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Gender, Sex, and Sexuality

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1 Gender, Sex, and Sexuality
Chapter 11 Section 1: Defining Sex and Gender

2 Sex and Its Biological Components
Sex refers to the properties of a person that determine his or her classification as male or female. One structure of our physical bodies that scientists use to classify us is our chromosomes. Sex Chromosomes are the 23rd pair of chromosomes that determines a person’s sex (male or female). Females have two sex chromosomes that are similar and are called X Chromosomes. Males have one X and one Y chromosome. Sex and Its Biological Components

3 Another structure used to classify us as male or female is our gonads
Gonads are a part of the endocrine system that produces sex hormones and generates ova in females and sperm in males. In females, the gonads are called the ovaries In males, the gonads are called the testes. Female hormones are estrogens. Male hormones are androgens. These hormones play a role in the development of internal reproductive structures, external genitalia and the secondary sex characteristics. Another structure used to classify us as male or female is our gonads

4 Sexuality Female Sex Organs Female Ovary Uterus Cervix Bladder
Pubic bone Vagina Urethra Anus Build image: confirm client intent to add 9 layers? Clitoris Sexuality Female

5 Sexuality Male Sex Organs Male Large intestine Bladder Seminal vesicle
Pubic bone Ejaculatory duct Vas deferens Prostate Urethra Anus Penis Build image: confirm client intent to add 13 layers? Testis Sexuality Scrotum Glans Male

6 At puberty, we develop secondary sex characteristics.
Secondary sex characteristics, or traits that differ between the two sexes but are not part of the reproductive system. Puberty is a period of rapid skeletal and sexual maturation occurring in adolescence. At puberty, we develop secondary sex characteristics.

7 The social and psychological aspects of being male or female is known as gender.
Gender Identity is an individual’s sense of belonging to the male or female sex and is multifaceted. Terms such as masculinity and femininity, attributes meaning “being like a man” and “being like a woman,” Instrumentality (for more masculine traits) Expressiveness (for more feminine traits). Gender

8 Individuals who are high in both dimensions are considered androgynous, meaning they have attributes we typically associate with both genders. Researcher’s show that individuals who are not strongly gender-typed according to these scales tend to have better psychological adjustment and resilience than those rated as extremely masculine or feminine. Gender-typed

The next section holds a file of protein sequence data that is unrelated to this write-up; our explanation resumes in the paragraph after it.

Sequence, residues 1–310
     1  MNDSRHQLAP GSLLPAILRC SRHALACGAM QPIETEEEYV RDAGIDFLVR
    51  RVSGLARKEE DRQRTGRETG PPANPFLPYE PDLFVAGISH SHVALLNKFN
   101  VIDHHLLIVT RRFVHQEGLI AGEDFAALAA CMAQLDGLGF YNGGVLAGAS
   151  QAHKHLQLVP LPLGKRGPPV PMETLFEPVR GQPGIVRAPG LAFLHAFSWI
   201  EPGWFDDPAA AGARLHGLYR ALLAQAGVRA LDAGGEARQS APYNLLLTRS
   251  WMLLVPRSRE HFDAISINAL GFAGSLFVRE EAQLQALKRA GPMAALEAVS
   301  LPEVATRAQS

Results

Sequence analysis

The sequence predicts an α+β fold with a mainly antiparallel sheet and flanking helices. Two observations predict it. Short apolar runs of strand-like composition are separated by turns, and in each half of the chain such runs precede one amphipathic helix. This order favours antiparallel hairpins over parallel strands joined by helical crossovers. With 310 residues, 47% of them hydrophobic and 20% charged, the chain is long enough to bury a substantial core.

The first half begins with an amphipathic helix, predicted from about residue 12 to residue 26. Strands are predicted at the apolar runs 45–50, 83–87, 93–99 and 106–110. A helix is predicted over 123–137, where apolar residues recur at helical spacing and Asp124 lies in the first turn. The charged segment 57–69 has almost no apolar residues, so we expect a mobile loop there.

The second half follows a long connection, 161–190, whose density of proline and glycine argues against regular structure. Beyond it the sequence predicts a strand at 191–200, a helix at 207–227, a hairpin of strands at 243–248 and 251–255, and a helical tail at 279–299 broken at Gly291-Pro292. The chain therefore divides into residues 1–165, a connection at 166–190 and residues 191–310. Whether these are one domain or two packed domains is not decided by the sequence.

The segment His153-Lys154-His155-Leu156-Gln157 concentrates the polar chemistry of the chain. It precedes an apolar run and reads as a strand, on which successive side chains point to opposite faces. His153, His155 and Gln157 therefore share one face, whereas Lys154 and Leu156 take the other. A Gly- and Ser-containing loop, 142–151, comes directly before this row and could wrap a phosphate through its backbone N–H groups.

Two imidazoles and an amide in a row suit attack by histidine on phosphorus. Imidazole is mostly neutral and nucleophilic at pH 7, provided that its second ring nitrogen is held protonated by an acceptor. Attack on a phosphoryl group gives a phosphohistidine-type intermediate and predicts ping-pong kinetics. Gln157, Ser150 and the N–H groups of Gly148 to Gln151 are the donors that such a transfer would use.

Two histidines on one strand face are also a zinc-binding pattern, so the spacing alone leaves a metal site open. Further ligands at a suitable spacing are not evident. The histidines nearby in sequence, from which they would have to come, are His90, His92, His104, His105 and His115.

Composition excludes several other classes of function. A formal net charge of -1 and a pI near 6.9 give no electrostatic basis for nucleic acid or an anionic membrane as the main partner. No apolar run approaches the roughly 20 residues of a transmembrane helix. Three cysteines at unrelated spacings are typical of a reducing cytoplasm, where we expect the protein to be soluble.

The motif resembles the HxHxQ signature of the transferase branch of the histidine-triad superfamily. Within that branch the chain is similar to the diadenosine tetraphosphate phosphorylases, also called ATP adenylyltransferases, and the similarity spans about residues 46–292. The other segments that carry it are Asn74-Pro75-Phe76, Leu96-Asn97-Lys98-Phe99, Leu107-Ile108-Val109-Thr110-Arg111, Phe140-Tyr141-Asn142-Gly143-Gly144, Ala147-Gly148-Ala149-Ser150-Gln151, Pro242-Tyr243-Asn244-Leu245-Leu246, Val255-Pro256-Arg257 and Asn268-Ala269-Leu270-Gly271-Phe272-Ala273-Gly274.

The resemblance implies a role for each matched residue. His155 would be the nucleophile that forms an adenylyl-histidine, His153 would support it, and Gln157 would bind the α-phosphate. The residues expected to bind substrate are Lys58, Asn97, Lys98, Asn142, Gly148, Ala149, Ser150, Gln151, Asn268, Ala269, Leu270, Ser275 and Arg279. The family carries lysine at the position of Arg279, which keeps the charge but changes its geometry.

9 From Genes to Sex to Gender
After conception, male and female embryos look alike. The difference in male and female biological development is a particular gene on the Y Chromosome called the SRY gene. Three months after conception the SRY gene is activated influencing the development of the body and brain. Brain development is different in males and females. From Genes to Sex to Gender

10 Disorders of Sexual Development
Prenatal hormonal exposure, chromosomal abnormalities, and environmental factors can affect the developing genitals. The results are sexually ambiguous, resulting in an intersex condition or hermaphroditism which falls under the category of disorders of sexual development (DSD). Disorders of Sexual Development

11 Disorders of Sexual Development
The famous John/Joan case illustrates the flexibility of gender and nurture’s triumph over nature. Over time, “Joan” really became “David,” demonstrating the large biological factors guiding the way from sex to gender identity. IS SOCIALIZATION WHAT FORMS OUR IDENITY????????????? Socialization is powerfully related to gender identity, but not perfectly. Determining a child’s physical condition (being male or female when ambiguous genitalia are present) is a difficult choice that should be based on the child’s well-being and future sexual functioning, not on parental distress. John Money’s belief in socialization in gender formation. Disorders of Sexual Development

12 When Genetic Sex and Gender Conflict: Transgender Experience
Transgender refers to experiencing one’s psychological gender as different from one’s physical sex. The APA classifies people who feel trapped in the wrong biological sex as suffering from gender identity disorder (GID). Gender dysphoria is a defining feature of GID and is explained as distress over one’s born sex. An empirically validated treatment is sex reassignment surgery for GID. Many transgender individuals do not elect the sex reassignment surgery and opt for hormone treatment only, while others simply think of their gender identity in an alternative broader way. When Genetic Sex and Gender Conflict: Transgender Experience

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